Getting started with Julia


What is Julia ?

“Julia is a high-level, high-performance dynamic programming language for technical computing, with syntax that is familiar to users of other technical computing environments. ”

It provides a sophisticated compiler and extensive mathematical function library.

It has a wide range of statistical packages like R and is easy to write and learn like Python.

Benchmark time of Julia relative to C : ( smaller is better, C performance = 1.0 )

julia-benchmark-fig [Image source : http://julialang.org/benchmarks/]

Growing importance of Julia:

Ambition of Julia’s project team is to create an open source language that is general purpose and excels at numerical computing and data science. The motivation and goals behind Julia excite researchers and analysts because many have had first hand experience with the difficulties of writing high performance codes.

Julia offers a unique feature set as well :

  • Syntax similar to MATLAB.
  • Free and open source.
  • Sophisticated compiler , Just-in-time(JIT) compilation.
  • Designed for parallelism and distributed computation.
  • C functions can be called directly without any special API’s needed.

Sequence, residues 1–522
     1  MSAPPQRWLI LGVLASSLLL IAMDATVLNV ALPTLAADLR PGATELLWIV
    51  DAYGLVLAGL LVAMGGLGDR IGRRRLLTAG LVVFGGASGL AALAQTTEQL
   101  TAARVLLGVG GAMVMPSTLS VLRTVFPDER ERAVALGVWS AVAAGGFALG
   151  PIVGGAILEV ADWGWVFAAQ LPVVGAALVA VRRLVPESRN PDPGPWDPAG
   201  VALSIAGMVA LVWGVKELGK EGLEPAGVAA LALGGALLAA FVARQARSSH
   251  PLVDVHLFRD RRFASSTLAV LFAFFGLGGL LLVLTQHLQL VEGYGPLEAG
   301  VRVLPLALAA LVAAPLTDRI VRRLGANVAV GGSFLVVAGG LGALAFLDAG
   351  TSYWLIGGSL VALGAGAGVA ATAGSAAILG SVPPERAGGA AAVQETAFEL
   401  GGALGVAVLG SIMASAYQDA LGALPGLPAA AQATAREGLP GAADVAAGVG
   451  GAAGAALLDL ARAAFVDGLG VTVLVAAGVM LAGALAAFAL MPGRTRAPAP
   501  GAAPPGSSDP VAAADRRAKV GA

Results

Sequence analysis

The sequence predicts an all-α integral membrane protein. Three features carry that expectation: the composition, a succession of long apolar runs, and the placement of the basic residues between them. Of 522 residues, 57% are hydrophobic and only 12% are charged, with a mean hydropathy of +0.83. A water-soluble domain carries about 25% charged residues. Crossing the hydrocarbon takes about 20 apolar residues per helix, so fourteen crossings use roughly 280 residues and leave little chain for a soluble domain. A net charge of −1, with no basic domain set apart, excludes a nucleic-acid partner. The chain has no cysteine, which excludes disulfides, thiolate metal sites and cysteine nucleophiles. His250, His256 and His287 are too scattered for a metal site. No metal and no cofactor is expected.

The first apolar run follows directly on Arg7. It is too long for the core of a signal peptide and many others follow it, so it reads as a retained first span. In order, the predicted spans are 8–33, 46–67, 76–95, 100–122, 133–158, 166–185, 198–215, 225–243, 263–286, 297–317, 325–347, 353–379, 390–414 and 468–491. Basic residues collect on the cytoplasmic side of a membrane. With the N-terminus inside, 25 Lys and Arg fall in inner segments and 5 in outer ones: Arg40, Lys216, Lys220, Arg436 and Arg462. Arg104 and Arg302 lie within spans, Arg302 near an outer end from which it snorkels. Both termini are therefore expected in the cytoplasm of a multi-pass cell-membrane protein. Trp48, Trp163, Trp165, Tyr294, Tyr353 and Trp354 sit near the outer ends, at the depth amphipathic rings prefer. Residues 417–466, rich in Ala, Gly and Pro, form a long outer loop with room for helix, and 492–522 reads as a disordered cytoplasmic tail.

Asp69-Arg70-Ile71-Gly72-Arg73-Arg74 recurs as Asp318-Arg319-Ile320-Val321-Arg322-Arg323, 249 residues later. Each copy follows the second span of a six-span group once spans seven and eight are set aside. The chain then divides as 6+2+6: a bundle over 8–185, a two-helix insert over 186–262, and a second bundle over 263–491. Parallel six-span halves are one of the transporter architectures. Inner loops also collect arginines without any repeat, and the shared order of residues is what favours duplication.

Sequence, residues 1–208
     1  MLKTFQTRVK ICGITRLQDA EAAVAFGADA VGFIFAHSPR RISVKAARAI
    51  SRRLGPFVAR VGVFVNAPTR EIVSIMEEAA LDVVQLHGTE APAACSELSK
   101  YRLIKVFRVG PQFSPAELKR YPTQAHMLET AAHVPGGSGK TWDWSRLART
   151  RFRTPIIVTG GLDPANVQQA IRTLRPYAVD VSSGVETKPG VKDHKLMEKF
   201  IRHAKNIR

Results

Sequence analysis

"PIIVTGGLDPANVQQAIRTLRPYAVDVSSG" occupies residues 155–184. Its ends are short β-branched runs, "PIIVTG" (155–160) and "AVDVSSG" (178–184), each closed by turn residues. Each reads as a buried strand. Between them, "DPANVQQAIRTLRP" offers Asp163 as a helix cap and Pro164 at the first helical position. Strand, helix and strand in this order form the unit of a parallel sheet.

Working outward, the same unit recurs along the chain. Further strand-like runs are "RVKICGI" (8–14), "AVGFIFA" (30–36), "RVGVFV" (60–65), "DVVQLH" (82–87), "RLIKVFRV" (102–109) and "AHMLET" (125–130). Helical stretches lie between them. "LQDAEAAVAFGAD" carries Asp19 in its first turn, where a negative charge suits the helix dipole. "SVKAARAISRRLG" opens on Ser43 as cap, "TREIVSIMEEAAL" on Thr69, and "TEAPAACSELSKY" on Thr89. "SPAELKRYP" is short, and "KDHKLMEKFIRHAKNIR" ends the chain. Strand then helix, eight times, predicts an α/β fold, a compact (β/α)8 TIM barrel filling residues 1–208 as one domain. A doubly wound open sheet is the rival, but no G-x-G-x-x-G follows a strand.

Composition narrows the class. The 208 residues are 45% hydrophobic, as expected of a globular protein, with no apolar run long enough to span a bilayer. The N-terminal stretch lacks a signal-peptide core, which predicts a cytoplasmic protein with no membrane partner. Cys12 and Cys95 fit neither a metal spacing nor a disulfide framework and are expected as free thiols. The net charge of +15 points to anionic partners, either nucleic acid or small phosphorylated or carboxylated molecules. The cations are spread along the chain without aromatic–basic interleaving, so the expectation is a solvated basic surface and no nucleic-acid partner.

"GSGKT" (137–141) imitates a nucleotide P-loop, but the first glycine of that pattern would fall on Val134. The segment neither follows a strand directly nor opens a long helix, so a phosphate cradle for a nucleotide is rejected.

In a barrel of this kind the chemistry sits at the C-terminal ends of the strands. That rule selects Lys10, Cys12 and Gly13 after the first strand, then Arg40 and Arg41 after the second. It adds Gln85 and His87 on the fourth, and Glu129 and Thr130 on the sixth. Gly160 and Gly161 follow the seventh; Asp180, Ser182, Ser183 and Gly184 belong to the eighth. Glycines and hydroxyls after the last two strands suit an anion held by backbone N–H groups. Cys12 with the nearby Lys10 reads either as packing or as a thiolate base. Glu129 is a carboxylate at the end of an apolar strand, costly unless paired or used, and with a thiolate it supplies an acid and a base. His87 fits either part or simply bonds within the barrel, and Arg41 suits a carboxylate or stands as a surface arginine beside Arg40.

• A powerful mathematical function library written in Julia.
  • Pycall package can call python functions in Julia.

Setting up Julia environment:

Installing packages in Julia:

julia> Pkg.add(“DataFrames”)

Using a package in Julia.

julia> using DataFrames

Updating your installed packages :

julia> Pkg.update()

Introductory example of Julia using PyPlot :

Plotting a process

	using PyPlot
        length = 50
	epsilon_values = randn(length)
	plot(epsilon_values, "b-")
newFig

 

Statistical packages in Julia:

Julia provides easy to use open source tools for statistics and machine learning.

Some of the great packages offered by Julia are :

  • StatsBase : Basic functionalities for statistics
  • DataArrays : Arrays that allow missing data
  • MultivariateStats : Multivariate statistical analysis
  • HypothesisTests : Parametric and non-Parametric tests.
  • MLBase : Swiss knife for machine learning
  • Clustering : Algorithms for data clustering
  • NMF : Nonnegative matrix factorization
  • TimeSeries : Time series analysis
  • MCMC : Markov Chain Monte Carlo

 

References:

About Himani Arora

Software consultant at Knoldus Software LLP.
This entry was posted in Scala and tagged , , , , . Bookmark the permalink.

4 Responses to Getting started with Julia

  1. Prabhat Kashyap says:

    Reblogged this on Prabhat Kashyap – Scala-Trek.

  2. Reblogged this on itsharsh and commented:
    Nice blog

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